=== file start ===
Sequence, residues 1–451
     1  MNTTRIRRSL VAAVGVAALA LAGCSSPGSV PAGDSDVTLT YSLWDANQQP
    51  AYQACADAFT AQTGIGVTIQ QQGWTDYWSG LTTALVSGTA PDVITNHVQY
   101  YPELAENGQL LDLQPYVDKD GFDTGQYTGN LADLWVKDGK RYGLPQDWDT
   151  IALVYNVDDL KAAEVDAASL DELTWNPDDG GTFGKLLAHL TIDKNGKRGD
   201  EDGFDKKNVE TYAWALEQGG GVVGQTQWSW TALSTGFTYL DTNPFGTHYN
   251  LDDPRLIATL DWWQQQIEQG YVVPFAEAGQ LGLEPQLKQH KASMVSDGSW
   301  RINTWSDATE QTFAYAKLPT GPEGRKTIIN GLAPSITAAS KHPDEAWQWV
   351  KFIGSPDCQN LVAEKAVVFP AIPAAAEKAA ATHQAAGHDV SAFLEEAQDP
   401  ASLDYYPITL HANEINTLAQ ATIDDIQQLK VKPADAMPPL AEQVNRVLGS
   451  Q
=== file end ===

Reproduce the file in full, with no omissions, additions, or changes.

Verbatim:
Sequence, residues 1–451
     1  MNTTRIRRSL VAAVGVAALA LAGCSSPGSV PAGDSDVTLT YSLWDANQQP
    51  AYQACADAFT AQTGIGVTIQ QQGWTDYWSG LTTALVSGTA PDVITNHVQY
   101  YPELAENGQL LDLQPYVDKD GFDTGQYTGN LADLWVKDGK RYGLPQDWDT
   151  IALVYNVDDL KAAEVDAASL DELTWNPDDG GTFGKLLAHL TIDKNGKRGD
   201  EDGFDKKNVE TYAWALEQGG GVVGQTQWSW TALSTGFTYL DTNPFGTHYN
   251  LDDPRLIATL DWWQQQIEQG YVVPFAEAGQ LGLEPQLKQH KASMVSDGSW
   301  RINTWSDATE QTFAYAKLPT GPEGRKTIIN GLAPSITAAS KHPDEAWQWV
   351  KFIGSPDCQN LVAEKAVVFP AIPAAAEKAA ATHQAAGHDV SAFLEEAQDP
   401  ASLDYYPITL HANEINTLAQ ATIDDIQQLK VKPADAMPPL AEQVNRVLGS
   451  Q